(1)
$$ {\text{Encapsulation efficiency }}(\% ) = \frac{{{\text{Weight of the drug in nanoparticles }}({\text{mg}})}} {{{\text{Weight of the feeding drugs}}}} \times 100 $$
(2)

Results and discussion

The composition and molecular weight of MePEG–PLA–PCL block copolymers

A series of amphiphilic diblock copolymers, MePEG–poly(CL-co-LA) (PCAE), were synthesized by a ring opening copolymerization of D, L-lactide and ε-caprolactone initiated with the hydroxyl group of methoxy poly(ethylene glycol) using stannous octoate as catalyst. Figure 1 shows the GPC results of a representive copolymer (PCAE7) and the precursor MePEG5000. Compared with MePEG5000, there is a clear shift to high molecular weights for PCAE7 copolymers, which had a symmetric peak and a relatively narrow polydispersitiy. All of these data indicated that the synthesis of the diblock copolymers were succesful. In order to gain insight into their chemical structure, the various PCAE copolymers were subjected to 1HNMR measurements. A typical spectrum of PCAE2 is shown in Fig. 2. Typical signals of PLA, PCL, MePEG components were observed: signals at 1.5(−CH3) and 5.1 ppm(−CH) were assigned to PLA segments, 1.3, 1.6, 4.0 ppm to the different methylene protons (–CH2) of PCL segments, and 3.6 ppm(–CH2) to PEG blocks, respectively [27, 28]. The [CL]/[LA]/[EO] molar ratio of the copolymers was determined from the integrations of the signals due to PEG blocks at 3.6 ppm, PCL segments at 4.0 ppm and PLA segments at 5.1 ppm.
https://static-content.springer.com/image/art%3A10.1007%2Fs00396-005-1306-5/MediaObjects/396_2005_1306_Fig1_HTML.gif
Fig. 1

Typical GPC chromatogram of the synthesized copolymer (sample PCAE7) and MePEG

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Fig. 2

The 1HNMR spectrum of MePEG–poly(CL-co-LA) block copolymer in deuterated chloroform, Sample PCAE2

Table 1 summarizes the molecular characteristics of these polymers. The Mn values calculated from GPC were lower than those from NMR spectra, which could be assigned to changes of hydrodynamic volume of MePEG–poly(CL-co-LA) copolymers bearing both hydrophilic PEG and hydrophobic PCL and PLA segments, as compared with the parent homopolymers [29].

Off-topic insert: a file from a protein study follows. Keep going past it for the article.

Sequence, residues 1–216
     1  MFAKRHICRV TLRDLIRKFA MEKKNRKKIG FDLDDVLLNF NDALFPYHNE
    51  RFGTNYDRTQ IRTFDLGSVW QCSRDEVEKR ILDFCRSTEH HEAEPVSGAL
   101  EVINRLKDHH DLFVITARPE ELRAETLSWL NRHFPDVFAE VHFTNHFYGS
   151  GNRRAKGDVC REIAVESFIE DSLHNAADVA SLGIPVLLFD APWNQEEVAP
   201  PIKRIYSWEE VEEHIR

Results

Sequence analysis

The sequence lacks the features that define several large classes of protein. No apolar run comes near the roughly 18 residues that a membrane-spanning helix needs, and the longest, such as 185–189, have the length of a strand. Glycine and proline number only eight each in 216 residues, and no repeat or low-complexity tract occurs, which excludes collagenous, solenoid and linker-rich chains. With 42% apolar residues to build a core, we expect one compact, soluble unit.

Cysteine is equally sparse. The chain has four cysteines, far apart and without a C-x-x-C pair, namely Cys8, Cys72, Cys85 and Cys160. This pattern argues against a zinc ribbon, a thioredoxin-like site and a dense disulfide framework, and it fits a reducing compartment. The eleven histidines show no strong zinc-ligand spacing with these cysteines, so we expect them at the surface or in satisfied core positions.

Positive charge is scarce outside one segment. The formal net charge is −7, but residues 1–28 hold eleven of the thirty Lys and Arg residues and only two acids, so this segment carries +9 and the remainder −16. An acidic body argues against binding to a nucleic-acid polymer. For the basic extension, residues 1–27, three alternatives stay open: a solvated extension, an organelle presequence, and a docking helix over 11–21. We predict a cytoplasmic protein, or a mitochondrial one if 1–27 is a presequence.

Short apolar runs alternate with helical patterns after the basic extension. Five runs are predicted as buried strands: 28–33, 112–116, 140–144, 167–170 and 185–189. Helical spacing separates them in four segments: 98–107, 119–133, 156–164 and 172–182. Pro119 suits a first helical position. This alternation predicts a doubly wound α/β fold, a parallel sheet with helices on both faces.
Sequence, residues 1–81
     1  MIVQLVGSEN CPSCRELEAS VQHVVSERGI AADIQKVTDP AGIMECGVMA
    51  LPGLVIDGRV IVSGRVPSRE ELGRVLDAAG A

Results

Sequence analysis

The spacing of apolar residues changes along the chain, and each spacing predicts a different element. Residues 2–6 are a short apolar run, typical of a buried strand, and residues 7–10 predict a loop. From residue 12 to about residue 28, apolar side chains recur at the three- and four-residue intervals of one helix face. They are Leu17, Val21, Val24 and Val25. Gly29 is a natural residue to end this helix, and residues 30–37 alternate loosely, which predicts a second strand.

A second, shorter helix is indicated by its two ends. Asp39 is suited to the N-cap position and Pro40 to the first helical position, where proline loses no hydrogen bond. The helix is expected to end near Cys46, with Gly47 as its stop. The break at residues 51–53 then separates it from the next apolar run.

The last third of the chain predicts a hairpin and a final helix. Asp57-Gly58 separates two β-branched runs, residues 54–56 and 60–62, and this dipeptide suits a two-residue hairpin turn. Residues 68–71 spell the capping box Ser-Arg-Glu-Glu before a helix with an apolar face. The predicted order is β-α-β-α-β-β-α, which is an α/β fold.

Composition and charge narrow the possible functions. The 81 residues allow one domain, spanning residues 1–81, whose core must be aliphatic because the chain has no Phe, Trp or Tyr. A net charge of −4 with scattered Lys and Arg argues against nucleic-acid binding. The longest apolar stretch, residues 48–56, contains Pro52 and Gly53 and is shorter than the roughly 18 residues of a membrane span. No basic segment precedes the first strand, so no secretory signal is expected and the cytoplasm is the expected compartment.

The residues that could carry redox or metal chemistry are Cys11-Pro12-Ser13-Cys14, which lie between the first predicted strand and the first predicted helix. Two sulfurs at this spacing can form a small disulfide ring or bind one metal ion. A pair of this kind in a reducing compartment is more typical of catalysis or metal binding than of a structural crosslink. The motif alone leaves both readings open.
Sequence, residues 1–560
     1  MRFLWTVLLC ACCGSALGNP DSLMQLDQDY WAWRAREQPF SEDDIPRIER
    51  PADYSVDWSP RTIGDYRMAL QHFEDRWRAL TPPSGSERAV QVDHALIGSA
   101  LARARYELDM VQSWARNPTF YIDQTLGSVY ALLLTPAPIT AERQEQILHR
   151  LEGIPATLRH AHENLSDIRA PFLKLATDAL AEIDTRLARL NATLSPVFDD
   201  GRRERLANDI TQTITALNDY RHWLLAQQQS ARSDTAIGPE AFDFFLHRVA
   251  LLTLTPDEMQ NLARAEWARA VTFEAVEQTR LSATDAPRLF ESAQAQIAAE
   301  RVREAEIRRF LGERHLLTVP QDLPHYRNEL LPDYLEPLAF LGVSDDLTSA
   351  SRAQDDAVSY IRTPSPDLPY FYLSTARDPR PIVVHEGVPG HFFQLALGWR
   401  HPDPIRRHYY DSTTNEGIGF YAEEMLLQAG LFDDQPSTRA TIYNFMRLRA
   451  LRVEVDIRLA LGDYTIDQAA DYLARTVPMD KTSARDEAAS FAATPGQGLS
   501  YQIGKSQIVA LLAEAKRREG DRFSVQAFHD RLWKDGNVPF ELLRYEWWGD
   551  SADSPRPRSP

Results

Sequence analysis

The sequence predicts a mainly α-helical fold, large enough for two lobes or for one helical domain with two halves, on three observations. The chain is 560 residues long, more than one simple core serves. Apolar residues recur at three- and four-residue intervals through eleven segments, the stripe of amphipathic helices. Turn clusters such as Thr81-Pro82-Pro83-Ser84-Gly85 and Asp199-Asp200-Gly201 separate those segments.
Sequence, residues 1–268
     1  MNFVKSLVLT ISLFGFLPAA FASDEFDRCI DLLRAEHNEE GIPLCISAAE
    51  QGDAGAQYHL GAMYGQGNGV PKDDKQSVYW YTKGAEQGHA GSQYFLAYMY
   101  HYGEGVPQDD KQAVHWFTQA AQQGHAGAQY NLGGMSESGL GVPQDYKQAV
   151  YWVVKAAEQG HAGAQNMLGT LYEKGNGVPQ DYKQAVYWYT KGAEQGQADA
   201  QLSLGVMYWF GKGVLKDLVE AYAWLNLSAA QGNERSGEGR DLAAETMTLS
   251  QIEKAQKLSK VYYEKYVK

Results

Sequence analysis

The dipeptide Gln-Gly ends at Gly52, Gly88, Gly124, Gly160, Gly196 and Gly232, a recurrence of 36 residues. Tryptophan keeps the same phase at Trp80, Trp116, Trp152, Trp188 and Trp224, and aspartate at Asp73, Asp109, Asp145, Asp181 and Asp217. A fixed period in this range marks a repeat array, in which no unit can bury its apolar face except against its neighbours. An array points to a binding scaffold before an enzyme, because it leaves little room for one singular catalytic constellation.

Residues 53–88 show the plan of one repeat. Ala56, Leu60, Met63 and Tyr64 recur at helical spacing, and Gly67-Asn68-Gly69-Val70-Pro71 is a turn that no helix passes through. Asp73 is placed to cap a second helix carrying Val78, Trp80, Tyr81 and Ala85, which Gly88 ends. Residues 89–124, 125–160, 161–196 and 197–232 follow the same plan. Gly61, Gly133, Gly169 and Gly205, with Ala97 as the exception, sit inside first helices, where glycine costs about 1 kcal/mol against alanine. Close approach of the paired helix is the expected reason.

Thermal properties of the copolymers

For Tg measurements, all samples were scanned from −70 °C to 100 °C for twice, the heating rate were 10 °C/min, and Tg values were obtained from the second scan. As shown in Table 2, through introducing the CL segment into the copolymer chains by random copolymerization of CL and LA, Tg was decreased a considerable amount, which is attributed to the CL segment enhanced the copolymer chain mobility greatly.
Table 2

Thermal properties of MePEG–poly(CL-co-LA) block copolymers

Sample

Tg (°C)

Td1a (°C)

PCAE1

16.4

216

PCAE2

4.7

222

PCAE3

−20.3

228

PCAE4

−33.9

253

PCAE5

−44.2

283

aData obtained with respect to 5% weight loss

The TGA traces were obtained by heating the samples from 50 °C to 500 °C, at a heating rate of 10 °C/min in nitrogen. The first decomposition temperature (Td1) was read with respect to 5% weight loss of the samples, as shown in Table 2. The thermal stability of PCAE copolymer depends on the intrinsic properties of the materials, which is one important property for practical applications, always increases with the CL content in the copolymers. The TGA curve for PCAE2 is shown in Fig. 3. The Td and ΔW values suggest that the first degradation step was due to poly(CL-co-LA) blocks and the second to the PEG portion [30, 31]. Consequently, for tri-component di-block copolymer (MePEG–poly(CL-co-LA)), we could draw a conclusion that CL and LA are copolymerized randomly not blocky in the copolymer because only two degradation processes are detected.
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Fig. 3

Typical TGA trace of MePEG–poly(CL-co-LA) copolymer, sample PCAE2